Sightlines: Recollections of the Southern Theater Renovation

Article by Mike Kittel

Mike Kittel is a well known and prominent lighting designer here and has worked at many theaters in town, primarily with Frank Theater and Park Square, where he is the resident designer.  Many people probably do not know that he was also the technical director of the Southern Theater when it was renovated and is responsible for a great many of the improvements made there.  In this article he discusses some of the trials and tribulations that went into creating the Southern as it stands today. - Mike Wangen

In the year 2000, I was the Technical Director at the Southern Theater.  For a couple of years we had been planning a big renovation, new seating, new dimmers, HVAC, and a total reconfiguration of the upstairs space. The Upstairs had been a “storage” space and was FULL of platforms and legs and a million curtains. I think we could have opened up a hardware store that specialized in stripped bolts and screws from the 1970s, torn dusty curtains, and old platforms.

We filled, I think, at least 5 ten yard dumpsters, and recycled a couple of tons of HVAC and steel. I sold 72 dimmers to Mixed Blood and gifted raceways to Red Eye Theater. The project timeline was tight at six weeks. Two weeks in we were done with demolition. From the stage right entry all the way to the arch was empty, and the stairway was gone.  Access to the second floor was by ladder.

The Architect and general contractor had a regular crew that would do all of the framing and to save money, southern crew would do the demolition and help out where needed. The GC’s crew was set to join the project on Monday, but the project they were on was hit by a MAJOR thunderstorm over the weekend and there was an incident involving a tarp so they had to stay on the other job to repair the damage. Now we all know how to use a hammer, a chop saw, tape and screw guns, but construction workers we are NOT!

The lumber order came on Monday morning and we had to cart it all in from the hotel cul-de-sac and through the stage door down stage left.  It took six of us almost a full day to get the lumber in the building and when it was stacked and sorted most of the stage was covered 3-4 feet high in plywood and 2x stock.

The seating risers were trussed in 2x6 with 2 layers of ¾ in ply glued and screwed; the bays under were also trussed out with 2 40ft 2x12 LVL headers bolted thru, glued, and nailed on 12in centers. The construction of the platform had to be “hurricane” code for the force of 300 people jumping to their feet at the end of a show. Most of the walls were 2 layers of 5/8 in drywall for fire code.

One Saturday Steve Kath, myself and Jonno (the GC) put up the main staircase.  Jonno assembled it on the ground with 3 LVL stringers and 2x12 steps and the three of us hoisted it into place with a rope and a pulley attached to the hi steel beam. It had to weigh 300lbs. (Jonno was a beast….and a bit crazy!) He bought Steve and I each a 20 0z Estwig hammer, one of the coolest gifts ever!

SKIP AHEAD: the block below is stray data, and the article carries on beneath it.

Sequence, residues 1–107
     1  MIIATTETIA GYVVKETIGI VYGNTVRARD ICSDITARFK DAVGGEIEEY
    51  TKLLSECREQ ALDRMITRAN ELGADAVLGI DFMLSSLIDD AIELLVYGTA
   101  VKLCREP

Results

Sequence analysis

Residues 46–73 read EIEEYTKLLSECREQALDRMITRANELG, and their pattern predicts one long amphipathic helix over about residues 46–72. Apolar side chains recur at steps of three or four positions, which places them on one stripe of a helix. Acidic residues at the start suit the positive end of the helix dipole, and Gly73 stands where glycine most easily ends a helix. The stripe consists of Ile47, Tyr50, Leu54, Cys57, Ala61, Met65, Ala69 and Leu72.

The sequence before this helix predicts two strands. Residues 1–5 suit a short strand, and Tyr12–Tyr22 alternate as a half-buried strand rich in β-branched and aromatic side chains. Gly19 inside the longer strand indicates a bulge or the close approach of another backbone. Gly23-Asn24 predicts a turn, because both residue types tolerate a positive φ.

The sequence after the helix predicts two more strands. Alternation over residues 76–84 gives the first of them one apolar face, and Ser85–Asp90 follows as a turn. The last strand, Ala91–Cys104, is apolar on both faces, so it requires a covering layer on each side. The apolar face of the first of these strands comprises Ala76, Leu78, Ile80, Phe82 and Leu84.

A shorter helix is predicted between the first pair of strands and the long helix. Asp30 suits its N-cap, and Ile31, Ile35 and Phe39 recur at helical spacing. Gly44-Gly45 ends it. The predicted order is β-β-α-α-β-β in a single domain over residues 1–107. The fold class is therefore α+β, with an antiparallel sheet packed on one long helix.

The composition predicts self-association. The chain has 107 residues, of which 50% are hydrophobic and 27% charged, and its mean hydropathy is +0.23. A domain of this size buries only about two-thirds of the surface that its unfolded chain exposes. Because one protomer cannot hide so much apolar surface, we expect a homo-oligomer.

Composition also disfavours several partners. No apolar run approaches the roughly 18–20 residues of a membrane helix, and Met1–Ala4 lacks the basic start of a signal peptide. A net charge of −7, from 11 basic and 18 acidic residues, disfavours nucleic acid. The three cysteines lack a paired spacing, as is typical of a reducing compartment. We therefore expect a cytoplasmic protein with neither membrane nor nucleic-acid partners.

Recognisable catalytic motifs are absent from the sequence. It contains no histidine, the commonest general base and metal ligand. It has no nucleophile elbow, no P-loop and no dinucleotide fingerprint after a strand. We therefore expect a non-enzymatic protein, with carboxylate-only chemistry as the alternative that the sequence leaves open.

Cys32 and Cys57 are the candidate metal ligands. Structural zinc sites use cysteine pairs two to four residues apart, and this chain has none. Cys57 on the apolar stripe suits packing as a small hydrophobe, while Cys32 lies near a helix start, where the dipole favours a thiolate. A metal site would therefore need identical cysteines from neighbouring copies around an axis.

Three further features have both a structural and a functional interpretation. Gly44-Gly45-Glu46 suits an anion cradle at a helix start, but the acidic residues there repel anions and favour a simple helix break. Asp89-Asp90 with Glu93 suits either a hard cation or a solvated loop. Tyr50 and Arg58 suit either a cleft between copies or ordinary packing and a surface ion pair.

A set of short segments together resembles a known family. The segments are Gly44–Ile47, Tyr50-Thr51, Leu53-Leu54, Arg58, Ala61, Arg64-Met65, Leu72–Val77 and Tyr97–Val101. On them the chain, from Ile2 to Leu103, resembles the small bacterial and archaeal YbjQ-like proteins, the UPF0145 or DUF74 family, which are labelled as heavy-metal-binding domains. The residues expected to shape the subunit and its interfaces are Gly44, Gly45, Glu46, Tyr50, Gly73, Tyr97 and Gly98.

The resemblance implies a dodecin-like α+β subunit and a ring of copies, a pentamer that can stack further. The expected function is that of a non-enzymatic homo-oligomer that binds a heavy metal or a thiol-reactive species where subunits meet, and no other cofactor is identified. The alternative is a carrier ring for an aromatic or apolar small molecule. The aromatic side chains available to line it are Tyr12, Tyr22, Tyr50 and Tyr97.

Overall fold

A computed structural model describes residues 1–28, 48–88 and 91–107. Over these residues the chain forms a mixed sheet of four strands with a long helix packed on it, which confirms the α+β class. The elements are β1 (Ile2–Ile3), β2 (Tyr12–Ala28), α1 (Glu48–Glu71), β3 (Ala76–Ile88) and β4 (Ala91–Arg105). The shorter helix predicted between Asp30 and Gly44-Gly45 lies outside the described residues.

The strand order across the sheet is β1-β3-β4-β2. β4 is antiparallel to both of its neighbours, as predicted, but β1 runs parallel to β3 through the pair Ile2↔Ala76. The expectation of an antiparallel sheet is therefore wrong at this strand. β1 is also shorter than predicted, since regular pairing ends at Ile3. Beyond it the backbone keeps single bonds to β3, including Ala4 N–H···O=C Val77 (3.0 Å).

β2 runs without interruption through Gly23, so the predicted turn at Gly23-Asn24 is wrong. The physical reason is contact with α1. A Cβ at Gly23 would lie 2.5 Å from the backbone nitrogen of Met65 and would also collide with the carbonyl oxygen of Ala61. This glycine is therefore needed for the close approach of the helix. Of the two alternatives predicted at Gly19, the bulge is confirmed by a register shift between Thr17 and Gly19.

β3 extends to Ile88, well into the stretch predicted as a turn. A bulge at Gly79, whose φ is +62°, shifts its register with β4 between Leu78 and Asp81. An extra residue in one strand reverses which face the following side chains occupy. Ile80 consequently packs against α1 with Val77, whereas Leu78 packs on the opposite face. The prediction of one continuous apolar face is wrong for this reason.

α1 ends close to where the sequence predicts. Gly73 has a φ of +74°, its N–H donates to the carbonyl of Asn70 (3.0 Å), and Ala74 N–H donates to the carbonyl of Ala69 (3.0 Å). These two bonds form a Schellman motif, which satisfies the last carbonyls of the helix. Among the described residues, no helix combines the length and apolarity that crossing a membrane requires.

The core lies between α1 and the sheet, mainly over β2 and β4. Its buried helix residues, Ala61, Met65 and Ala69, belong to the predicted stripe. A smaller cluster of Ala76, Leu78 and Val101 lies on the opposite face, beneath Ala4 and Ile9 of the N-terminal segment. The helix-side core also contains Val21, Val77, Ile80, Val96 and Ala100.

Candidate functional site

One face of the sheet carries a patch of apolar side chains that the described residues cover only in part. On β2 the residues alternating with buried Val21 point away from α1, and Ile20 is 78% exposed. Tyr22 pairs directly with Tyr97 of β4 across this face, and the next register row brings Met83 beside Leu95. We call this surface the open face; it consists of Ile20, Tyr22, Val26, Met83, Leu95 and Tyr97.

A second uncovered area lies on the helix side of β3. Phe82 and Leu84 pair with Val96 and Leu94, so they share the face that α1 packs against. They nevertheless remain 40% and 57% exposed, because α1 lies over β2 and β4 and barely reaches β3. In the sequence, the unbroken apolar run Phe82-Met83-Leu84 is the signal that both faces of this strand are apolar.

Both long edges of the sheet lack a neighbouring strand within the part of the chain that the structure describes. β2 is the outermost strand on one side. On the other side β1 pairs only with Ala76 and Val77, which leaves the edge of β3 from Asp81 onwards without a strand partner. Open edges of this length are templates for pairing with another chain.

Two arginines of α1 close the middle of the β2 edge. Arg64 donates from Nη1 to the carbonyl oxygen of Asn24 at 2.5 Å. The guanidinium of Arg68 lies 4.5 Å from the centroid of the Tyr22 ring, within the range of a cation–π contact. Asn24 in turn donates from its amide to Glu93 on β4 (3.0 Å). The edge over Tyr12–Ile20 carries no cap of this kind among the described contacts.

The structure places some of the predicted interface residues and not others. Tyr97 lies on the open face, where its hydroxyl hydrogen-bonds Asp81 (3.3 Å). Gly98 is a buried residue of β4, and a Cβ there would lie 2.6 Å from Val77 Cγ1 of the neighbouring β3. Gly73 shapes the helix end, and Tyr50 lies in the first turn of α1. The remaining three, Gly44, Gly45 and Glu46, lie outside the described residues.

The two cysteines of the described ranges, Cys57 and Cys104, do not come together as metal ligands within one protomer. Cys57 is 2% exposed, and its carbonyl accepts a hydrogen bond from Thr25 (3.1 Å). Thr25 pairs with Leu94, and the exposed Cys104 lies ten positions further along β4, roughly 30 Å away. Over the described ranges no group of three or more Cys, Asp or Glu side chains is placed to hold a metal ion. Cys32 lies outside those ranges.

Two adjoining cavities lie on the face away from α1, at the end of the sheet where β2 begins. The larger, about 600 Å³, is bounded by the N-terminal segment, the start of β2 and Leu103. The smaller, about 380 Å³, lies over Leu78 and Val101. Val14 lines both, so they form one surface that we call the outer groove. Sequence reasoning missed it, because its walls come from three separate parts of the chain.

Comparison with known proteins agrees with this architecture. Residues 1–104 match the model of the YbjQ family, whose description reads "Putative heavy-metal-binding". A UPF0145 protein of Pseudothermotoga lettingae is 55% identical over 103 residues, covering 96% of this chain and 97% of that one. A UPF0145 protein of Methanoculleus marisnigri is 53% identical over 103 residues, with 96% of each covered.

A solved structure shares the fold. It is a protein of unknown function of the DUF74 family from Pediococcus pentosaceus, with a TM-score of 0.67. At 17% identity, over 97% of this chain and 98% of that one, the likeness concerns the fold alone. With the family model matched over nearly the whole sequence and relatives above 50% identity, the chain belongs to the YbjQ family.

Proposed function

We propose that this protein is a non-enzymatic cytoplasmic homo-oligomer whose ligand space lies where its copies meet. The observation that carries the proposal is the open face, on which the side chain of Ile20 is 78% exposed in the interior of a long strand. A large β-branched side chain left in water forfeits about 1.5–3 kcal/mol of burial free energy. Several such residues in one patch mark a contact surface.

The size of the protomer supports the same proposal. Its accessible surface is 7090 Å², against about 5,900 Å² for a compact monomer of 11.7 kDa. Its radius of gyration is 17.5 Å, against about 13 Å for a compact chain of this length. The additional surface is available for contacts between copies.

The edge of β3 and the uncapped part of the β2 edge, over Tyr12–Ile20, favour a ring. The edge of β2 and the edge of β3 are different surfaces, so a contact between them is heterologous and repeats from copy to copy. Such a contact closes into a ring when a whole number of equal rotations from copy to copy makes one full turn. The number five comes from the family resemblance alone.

Two weeks go by and still no crew, just a few theater techs that were learning a lot about construction…fast. I was getting very nervous about getting done as I had to prep and label and run 144 circuits of multi cables, build the booth table and figure out a way to get into the grid (for months after we opened we still had to use my extension ladder to get up there).  

I had planned a week trip in the middle of the project because the GC assured me that I would not be needed for the construction, but it had been almost a month of 10 hr days for me, and we were all getting a bit punchy. A few days before I left the framing was close and finally…the construction crew joined us.

Drywall shipment came in. It seemed like 1000 sheets of 4X12 mostly 5/8in….HEAVY.  Of course we had to cart it 75 feet to get it into the building. At 8pm after a long day Jeff Bartlett, Dave Riisager, Ronnie Albert and I were rolling a full cart thru the stage door when a wheel came off the cart and trapped Ronnie’s foot under the cart. We all freaked out a bit and Jeff started throwing sheets off of the cart. Ronnie yelled “Jeff stop! Don’t break the drywall!” It took a few minutes to get him out of there and luckily all he had was a small cut on his ankle.

I got back from my trip and was amazed at the progress, the drywall was going up so fast, electric was done and inspections were rolling thru. I jumped on getting the dimmers set and the multi-runs going. We were going to open a Ragamala show in a week and there would be no seats.  The carpet had to be installed and the rep plot put in place.  Painters were everywhere and Jonno was installing the beautiful custom curved box office.  

It was very possible that the audience would sit on the carpet for the first few weeks of shows. We were in tech rehearsals and someone pointed out that Jeune Lune would be dark for a month so Ronnie and his “Sanford and Son” truck came to the rescue.  We were throwing 200 seats up the platform fireman style the afternoon of opening. We were off…

In a couple of weeks the seats were shipped and installed; the cushions and backs were new, and the sides and armrests were antiques that had been in the basement for years. The armrests were refinished and aisle handrails were built by Steve Kath. Ronnie welded cable storage racks.

I can’t begin to list all who contributed, but it really was a Herculean effort. It would take months to trick out the space and find out what fixes we needed to make, but when the seat tags were in, pilot hole drilled, centered with a hand cut template and a plumb bob of string and washer, nailed with hand cut brads, (½ inch would poke thru the back), we were finished.